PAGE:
Oh wow Katie! So you use Heather’s coconut oil soap for laundry!? I just made her coconut oil soap for bathing and I love it! I want to make her laundry soap soon! Oh and thank you so much for the referral for the oxygen booster! I have been looking for one that is not as harsh as some other name brands, because even though I love my homemade detergent, my whites are not as white as my clorox bleach days. Do you use it on plain whites or whites with a bit of color print on them? I am going to order this now! thank you so much!!
About how many loads would u say a recipe of the homade laundry detergent makes? I’ve really been looking into it but would like to compare loads as well with it ! Thank you 🙂
I made a batch of laundry detergent on Feb.4, 2015 and I am just getting ready to make a new batch. I used :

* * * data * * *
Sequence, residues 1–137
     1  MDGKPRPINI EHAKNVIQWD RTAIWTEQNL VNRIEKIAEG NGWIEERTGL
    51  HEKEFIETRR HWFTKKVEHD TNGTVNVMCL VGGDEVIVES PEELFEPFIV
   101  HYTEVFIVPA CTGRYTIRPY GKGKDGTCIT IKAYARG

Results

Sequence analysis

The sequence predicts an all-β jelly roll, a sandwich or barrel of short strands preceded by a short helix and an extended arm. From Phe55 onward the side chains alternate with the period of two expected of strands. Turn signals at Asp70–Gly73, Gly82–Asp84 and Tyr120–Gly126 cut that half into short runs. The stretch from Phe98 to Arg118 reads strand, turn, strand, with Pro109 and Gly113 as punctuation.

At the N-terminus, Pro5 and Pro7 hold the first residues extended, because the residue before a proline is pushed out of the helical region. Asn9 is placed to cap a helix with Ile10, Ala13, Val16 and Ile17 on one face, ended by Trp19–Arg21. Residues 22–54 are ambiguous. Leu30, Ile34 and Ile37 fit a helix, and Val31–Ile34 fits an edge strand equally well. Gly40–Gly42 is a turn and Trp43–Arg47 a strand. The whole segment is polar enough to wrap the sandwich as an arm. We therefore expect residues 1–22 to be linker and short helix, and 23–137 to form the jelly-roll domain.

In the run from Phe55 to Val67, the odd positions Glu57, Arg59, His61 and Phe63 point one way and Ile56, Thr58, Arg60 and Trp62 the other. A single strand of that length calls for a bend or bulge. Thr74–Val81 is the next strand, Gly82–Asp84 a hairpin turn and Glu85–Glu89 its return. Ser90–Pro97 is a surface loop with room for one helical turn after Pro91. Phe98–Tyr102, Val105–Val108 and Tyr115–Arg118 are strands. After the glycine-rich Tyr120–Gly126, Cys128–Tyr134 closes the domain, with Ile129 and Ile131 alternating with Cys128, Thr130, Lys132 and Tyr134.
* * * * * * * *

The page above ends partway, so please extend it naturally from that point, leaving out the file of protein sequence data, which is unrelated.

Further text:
1 box 20 Mule Team borax
1 box of Super Washing soda
1 4lb box of baking soda
2 bars of Zote soap
3 bars of Fels-Naptha soap
(I use a lemon zester for the bar soap. It is extremely fine and dissolves easily.)
* I use 1 to 2 Tablespoons depending on the size of the load and how dirty.
Love this detergent. Saves a lot of $ and is mild on the skin. My skin is very sensitive and I have had no problems.
On the link for making coconut oil soap (mommpotamis) she uses lye in her laundry detergent, why don’t you? Does it work as well on smells and stains?? Thanks
Katie - Wellness Mama
In this recipe, I’m recommending using her soap in the detergent (not coconut oil by itself!!!) Her post has a recipe for coconut oil soap and coconut oil laundry soap. I use the coconut oil laundry soap.